I always found an instructive and thought provoking chapter from the old testament in 1 Samuel Chapter 8 in which the Israelite people were rejecting the localist gov't under the old "judges" system eg tribal society and demanded a King "like the other nations around us!" One can easily equate a very limited if not a totally de-centralized gov't under this older judge system and also it was a bit of a voluntary state although it did ascribe borders in what we see in the modern sense so it's a limited voluntary state if you will. However, the most interesting and instructive part is when Samuel goes to god eg Yahweh, Jehovah with the people's request, god's response as to what will come with it is most interesting, especially in today's Statist context.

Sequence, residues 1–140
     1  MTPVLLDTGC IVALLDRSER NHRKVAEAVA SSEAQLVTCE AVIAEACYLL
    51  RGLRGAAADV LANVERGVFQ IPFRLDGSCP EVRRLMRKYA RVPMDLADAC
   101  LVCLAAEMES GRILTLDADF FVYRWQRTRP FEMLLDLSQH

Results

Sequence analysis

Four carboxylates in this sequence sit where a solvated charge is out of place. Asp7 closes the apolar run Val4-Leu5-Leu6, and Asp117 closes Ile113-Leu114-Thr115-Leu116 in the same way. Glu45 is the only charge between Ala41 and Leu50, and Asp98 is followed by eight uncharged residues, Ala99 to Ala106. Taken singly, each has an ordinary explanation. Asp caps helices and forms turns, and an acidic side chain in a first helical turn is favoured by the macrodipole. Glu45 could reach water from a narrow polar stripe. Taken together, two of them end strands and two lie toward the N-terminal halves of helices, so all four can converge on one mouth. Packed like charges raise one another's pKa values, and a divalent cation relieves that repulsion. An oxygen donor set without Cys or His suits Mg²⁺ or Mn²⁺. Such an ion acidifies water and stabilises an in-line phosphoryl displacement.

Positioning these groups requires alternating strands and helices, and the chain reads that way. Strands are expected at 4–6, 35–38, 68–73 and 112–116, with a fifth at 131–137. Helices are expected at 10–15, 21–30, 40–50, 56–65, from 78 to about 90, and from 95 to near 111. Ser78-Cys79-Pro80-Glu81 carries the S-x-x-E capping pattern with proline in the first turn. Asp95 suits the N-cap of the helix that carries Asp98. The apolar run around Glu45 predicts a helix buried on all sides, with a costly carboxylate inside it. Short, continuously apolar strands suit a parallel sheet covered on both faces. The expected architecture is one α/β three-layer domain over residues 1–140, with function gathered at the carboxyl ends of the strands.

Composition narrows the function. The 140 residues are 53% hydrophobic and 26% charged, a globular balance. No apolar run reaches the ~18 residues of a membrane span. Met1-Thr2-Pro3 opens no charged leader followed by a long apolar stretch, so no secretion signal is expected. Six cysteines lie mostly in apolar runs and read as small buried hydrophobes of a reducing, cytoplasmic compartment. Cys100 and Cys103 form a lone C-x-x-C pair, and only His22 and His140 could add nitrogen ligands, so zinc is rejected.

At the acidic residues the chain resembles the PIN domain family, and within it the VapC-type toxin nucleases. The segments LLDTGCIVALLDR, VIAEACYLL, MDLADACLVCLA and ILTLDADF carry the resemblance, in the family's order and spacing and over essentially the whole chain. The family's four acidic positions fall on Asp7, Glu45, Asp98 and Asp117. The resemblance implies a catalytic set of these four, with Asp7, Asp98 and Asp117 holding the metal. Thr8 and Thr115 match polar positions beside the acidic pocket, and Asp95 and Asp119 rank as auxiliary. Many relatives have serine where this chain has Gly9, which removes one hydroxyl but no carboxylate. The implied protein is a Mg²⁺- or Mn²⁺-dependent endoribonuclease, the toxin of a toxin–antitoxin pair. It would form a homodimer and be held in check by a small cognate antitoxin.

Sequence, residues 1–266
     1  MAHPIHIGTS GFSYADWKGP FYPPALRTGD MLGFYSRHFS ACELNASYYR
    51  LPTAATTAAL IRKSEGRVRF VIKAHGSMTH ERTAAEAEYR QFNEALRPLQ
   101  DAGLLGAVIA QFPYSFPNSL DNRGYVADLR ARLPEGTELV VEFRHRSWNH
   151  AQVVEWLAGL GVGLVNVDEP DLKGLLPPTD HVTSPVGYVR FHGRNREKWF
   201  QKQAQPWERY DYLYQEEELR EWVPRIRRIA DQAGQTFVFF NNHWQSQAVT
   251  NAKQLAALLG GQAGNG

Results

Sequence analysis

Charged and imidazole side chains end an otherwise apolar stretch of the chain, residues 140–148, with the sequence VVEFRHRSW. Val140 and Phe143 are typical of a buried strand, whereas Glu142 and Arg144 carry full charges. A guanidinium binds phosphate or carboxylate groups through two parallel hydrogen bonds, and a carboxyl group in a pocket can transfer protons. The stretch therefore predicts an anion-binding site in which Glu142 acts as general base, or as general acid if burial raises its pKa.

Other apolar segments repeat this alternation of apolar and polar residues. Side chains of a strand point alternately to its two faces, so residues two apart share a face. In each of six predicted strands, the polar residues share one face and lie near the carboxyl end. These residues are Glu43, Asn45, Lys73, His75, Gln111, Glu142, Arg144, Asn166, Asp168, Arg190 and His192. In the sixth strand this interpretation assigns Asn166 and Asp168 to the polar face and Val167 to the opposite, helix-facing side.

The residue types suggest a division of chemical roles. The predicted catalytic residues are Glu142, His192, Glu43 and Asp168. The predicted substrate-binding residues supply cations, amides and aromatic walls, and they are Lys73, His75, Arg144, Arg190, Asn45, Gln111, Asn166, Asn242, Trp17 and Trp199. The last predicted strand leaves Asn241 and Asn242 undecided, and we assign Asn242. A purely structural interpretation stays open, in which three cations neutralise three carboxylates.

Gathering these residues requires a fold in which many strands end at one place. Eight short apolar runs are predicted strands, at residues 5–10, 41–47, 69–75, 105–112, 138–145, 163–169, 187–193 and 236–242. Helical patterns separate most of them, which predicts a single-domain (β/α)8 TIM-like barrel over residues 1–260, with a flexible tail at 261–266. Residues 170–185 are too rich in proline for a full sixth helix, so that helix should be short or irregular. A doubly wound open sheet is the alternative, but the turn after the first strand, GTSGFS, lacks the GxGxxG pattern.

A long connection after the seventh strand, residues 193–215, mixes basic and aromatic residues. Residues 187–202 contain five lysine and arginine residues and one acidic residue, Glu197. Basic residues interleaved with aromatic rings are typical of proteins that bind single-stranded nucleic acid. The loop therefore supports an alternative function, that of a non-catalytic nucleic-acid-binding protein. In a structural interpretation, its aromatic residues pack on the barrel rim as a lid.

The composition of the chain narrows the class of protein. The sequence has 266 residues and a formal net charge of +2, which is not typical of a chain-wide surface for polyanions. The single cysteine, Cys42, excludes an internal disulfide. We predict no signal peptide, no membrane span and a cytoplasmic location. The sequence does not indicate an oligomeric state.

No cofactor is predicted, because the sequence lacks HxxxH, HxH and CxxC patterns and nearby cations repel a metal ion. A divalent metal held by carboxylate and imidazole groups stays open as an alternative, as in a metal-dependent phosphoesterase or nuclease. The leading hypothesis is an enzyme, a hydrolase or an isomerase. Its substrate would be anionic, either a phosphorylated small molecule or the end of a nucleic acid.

As for the so-called "libertarian view of things" this is not a recent POV at all and has longstanding philosophical roots that actually go back to what one would call "left" traditions known of earlier times by the term classical liberal. There are much longer traditions here but the modern context is most effected by the more recent ideals. Even 19th century individualist/socialist like Proudhon and Benjamin Tucker held to the same individualist premise at their heart. In today's political clims. both men would be moreso in the left-libertarian if not libertatian socialist camps (if one is into genres) but understand that left and socialist in their day did not mean a complusary, authoritarian state flavor as these terms today reflect. Any organized structure was established on voluntary as well as mutualist ideals. The terms may be distasteful in today's use but in their day, socialist, mutualist were ideals born of liberty, freedom and free markets not complusary actions of organized states and societies.